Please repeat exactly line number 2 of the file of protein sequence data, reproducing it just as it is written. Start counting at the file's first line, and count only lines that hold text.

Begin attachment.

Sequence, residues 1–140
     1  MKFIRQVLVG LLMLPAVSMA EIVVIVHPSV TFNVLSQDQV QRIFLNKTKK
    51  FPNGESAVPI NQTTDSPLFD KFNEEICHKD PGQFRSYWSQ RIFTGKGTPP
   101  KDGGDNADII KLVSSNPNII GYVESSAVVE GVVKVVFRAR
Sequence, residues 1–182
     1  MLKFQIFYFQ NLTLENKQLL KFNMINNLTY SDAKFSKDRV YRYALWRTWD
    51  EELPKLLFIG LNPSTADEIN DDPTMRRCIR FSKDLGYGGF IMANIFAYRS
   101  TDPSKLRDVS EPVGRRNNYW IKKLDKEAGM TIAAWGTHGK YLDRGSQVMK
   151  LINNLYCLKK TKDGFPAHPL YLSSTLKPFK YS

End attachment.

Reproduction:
     1  MKFIRQVLVG LLMLPAVSMA EIVVIVHPSV TFNVLSQDQV QRIFLNKTKK